Hong Kong Cinema

Iron Monkey

  • Made: 1993
  • Region: 2
  • Format: DVD
  • Release Date: 26/03/2001
  • Company: Hong Kong Legends
  • Length: 86 minutes
  • Picture: 16:9 Anamorphic Widescreen
  • Extras: Trailers, Biography, Dual Language, 5.1 Dolby, Interviews
  • Classification: 12


Yuen Woo Ping


Yu Rong Guang, Donnie Yen, Chang Si Man, Yen Shi-Kwan, Jean Gang, James Wong



One of Yuen Woo Ping's most acclaimed works, Iron Monkey, is a clear indication of a how exciting, innovative and enjoyable Hong Kong Cinema can be. Iron Monkey took HK $7m during its run in 1993 and stars one of the 90's most exciting performers; Donnie Yen. This film can be clearly plotted in terms of action from old school classics such as Drunken Master and Buddhist Fist, up to his most internationally recognised work Crouching Tiger, Hidden Dragon (CTHD).

The use of elaborate sets and the utilisation of wires makes Iron Monkey visually spectacular. This film is what CTHD should have been. One cannot ignore the similarity, from the running across the roof tops at night, or the reserved and reflective nature of the leads (Chow Yun Fat and Yu Rong Guang). It is also worth noting that whilst this is considered a Donnie Yen film, the main character, i.e. the Iron Monkey, is played brilliantly by Yu Rong Guang (Shanghai Noon), who at the time had done few memorable films in his short career. Contrast this with Donnie, who had first liaised with Yuen on the classic Drunken Tai Chi back in 1984, plus he also later teamed up again with Michelle Yeoh to make Wing Chun (1994).

In fact, Iron Monkey was made on the back of Donnie playing 3 consecutive roles as the bad guy (Once Upon a Time in China II, Dragon Inn and Tai Chi Master - again by Yuen Woo Ping!). The only forces in HK cinema that really could parallel Donnie at this point were Jet Li and Michelle Yeoh, and arguably Yuen's only equivalent was Tsui Hark (who he fell out with in the late eighties over Better Tomorrow III). But I digress! I don't want to mention this film anymore in this review, but... if you liked the action in CTHD, you will love this film, Donnie Yen and co. can do the real deal, unlike Chow Yun Fat's rather lacklustre offering.



Wong takes on the Iron Monkey

Wong Fei-Hung using an umbrella - how inspired!!


A balanced act


I shall not languish on the plot, but it is quite entertaining and neither too simple, nor too complex. It helps the action, and creates a nice and fluid flow to the movie. Essentially the Iron Monkey steals from the rich governor and gives to the poor. Therefore the Governor tries to catch the Iron Monkey, rounding up everyone in town who is linked to monkeys. This include Wong Kai-Ying (Donnie Yen) and his son, the legendary Wong Fei Hung (Chang Si Man). The kid who plays Wong in this movie is actually a girl and the skills she displays are truly impressive at times.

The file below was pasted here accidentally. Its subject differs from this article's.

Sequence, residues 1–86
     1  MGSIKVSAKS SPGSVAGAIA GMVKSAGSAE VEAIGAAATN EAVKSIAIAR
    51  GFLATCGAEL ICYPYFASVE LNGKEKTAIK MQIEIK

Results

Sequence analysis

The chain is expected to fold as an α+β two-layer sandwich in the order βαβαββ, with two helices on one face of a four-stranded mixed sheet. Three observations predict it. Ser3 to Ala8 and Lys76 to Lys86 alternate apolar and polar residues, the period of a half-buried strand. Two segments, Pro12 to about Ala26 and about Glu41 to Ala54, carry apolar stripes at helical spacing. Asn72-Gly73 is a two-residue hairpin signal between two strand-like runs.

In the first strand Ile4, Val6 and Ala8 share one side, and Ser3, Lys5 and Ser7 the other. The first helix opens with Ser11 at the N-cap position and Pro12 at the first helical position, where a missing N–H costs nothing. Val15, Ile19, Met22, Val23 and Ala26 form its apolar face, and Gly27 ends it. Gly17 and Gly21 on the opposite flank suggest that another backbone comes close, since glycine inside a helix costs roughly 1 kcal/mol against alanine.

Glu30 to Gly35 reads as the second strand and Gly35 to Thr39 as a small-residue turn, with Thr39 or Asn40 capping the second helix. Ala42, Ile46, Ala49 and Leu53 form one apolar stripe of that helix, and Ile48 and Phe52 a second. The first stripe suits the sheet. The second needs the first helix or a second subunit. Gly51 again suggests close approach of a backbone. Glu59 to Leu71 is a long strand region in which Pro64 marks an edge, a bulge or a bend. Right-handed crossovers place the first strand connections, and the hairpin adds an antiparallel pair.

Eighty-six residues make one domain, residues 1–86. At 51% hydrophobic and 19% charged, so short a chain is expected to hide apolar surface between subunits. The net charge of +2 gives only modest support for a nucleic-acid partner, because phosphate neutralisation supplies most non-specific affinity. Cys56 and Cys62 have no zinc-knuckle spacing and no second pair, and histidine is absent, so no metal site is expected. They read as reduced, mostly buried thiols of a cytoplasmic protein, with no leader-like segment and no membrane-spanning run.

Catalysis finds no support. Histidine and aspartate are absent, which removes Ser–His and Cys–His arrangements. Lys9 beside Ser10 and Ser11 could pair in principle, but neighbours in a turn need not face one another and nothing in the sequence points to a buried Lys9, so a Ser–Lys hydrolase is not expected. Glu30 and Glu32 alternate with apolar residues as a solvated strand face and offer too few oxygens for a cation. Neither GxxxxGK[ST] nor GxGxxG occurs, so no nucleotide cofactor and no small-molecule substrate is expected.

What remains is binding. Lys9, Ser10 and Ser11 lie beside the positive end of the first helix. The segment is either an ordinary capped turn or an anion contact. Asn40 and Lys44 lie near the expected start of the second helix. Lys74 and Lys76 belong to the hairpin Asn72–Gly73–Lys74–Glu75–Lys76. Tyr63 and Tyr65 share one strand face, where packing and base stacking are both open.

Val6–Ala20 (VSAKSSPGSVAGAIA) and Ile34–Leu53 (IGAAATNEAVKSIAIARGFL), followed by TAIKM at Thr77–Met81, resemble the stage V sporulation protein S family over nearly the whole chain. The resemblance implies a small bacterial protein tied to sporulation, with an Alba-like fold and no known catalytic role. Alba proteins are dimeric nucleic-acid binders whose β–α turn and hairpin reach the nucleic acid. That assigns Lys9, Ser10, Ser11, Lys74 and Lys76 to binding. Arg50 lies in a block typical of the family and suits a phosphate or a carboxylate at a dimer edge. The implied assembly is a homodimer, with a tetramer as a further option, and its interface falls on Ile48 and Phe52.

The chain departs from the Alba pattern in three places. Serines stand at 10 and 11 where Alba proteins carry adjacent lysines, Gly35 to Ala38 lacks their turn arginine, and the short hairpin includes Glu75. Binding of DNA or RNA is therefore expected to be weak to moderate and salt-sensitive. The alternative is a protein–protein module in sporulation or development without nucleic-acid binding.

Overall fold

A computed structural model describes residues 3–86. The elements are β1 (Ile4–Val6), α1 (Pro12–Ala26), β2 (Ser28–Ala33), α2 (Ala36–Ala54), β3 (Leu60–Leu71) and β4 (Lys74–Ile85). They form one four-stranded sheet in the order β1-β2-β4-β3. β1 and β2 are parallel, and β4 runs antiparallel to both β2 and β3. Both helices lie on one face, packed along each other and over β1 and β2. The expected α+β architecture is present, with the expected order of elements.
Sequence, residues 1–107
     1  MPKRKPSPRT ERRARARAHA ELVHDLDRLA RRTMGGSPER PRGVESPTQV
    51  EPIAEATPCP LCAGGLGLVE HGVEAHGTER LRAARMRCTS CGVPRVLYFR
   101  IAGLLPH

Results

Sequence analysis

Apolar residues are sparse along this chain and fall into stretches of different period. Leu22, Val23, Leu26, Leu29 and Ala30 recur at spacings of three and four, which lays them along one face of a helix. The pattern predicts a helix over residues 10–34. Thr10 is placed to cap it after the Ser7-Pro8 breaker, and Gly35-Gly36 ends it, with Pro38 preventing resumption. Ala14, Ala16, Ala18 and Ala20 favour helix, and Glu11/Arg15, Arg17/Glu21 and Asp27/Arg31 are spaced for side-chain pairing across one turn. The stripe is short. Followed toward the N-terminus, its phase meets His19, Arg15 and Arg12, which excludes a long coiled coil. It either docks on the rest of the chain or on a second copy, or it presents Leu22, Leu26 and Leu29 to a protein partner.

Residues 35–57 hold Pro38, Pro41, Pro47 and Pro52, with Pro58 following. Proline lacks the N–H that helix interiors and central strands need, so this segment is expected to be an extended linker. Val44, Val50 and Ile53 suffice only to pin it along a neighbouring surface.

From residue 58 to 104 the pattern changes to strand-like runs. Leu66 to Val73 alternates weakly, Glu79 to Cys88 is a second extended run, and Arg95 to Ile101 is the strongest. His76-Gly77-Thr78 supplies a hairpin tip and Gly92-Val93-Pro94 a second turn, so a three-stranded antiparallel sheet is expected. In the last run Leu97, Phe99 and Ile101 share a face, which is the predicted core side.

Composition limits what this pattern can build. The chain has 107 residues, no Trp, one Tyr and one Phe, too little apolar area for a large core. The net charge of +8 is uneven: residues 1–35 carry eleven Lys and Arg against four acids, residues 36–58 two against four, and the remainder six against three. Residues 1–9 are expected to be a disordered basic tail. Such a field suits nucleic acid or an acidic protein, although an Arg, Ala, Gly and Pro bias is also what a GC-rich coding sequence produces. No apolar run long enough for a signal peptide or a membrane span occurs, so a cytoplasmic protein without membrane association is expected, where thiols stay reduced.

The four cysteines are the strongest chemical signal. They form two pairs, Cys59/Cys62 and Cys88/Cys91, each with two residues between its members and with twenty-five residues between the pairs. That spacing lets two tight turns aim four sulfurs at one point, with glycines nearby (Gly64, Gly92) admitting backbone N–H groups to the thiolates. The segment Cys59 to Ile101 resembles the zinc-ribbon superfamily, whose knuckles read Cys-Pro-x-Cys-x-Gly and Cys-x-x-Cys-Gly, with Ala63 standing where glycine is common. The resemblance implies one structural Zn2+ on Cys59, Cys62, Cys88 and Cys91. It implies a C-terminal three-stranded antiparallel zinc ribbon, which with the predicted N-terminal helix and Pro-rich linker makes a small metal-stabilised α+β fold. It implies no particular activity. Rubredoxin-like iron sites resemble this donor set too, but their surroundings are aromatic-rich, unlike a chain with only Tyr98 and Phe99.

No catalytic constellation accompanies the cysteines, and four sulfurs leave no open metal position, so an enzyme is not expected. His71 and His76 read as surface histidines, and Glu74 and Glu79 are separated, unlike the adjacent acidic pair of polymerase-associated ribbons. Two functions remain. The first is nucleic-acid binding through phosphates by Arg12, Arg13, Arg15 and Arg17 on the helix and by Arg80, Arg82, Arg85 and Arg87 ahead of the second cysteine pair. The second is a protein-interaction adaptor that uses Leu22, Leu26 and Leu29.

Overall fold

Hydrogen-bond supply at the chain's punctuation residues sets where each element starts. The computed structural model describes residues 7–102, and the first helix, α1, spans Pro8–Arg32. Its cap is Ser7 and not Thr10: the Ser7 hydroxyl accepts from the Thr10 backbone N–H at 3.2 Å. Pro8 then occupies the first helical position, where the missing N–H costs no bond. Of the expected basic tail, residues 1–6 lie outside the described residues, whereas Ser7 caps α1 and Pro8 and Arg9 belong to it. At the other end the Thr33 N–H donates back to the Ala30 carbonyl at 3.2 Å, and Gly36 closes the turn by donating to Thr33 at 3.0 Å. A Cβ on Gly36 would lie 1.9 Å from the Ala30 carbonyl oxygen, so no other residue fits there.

As Kai-Ying is brought into custody, he is told he must capture the Iron Monkey if he wants them to release his son, Wong. This leads to the two main good guys being pitted against each other, but fortunately the film does not dwell on this dilemma for too long and is far more interested in dazzling the audience with some wonderful Kung Fu sequences. From this point we are treated with encounters in which the Governor's guards, along with Kai-Ying, try to catch the Iron Monkey. A disgraced Monk, played by Yen Shi-Kwan ('Iron Robe Yim' from Once Upon A Time in China), also joins in, using the deadly Wonder Palm technique. Eventually, after Kai-Ying sees that the Iron Monkey is good, he helps him defeat the Wonder Palm Monk and the Governor's guards with the help of Wong and Orchid (Jean Gang). There is also a healthy helping of comedy in this film, which adds to the lighthearted atmosphere of this high flying blockbuster.


The camera work and choreography are truly exceptional in this film, the fight scenes are inspired, hectic and very original. Indeed the end fight on the poles, which have been set alight, could well have been a progression from Yuen's flaming rope dart in the Buddhist Fist 14 years earlier. As mentioned before, this is a wire Kung Fu film, and there is a lot of big leaps and flying kicks.

What possibly detracts from the movie is that sometimes the undercranking is excessive and the action looks too fast! Overall the fighting is seminal and in many instances is yet to be bettered. Everyone performs to their potential and Donnie really shines, especially midway through when he takes on the witch with a barrage of explosive kicks.


Iron Monkey fights the Witch


The Wonder Palm monk has a fiery temper




This HKL disc is one of the earlier offerings, but is again of superb quality. It has been cropped to an anamorphic 16:9 print, which is a shame. But, the print is excellent and it is in dual language, which makes it ideal for both the hard core fan and the newly acquainted. It has interviews, trailers and biographies as well, which help make the disc a very slick package. It is quite possibly the best presented HKL disc, with a really nice feel to the artwork and intro atmosphere.


This is definitely in the Top 10 films of the 1990's, and would certainly be in many people's all time Top 10. I personally believe Donnie has not done a better work than this, and Yuen Woo Ping develops the ideas he had 15 years ago, but now with the effects, cast and budget required for them. The influence of this film is far reaching, and is held in high regard by most discerning Kung Fu fans. This is very close to being a faultless exposition of wire Kung Fu at its best, and will always be one of the finest movies in my HK collection.




Donnie finds it too hot to handle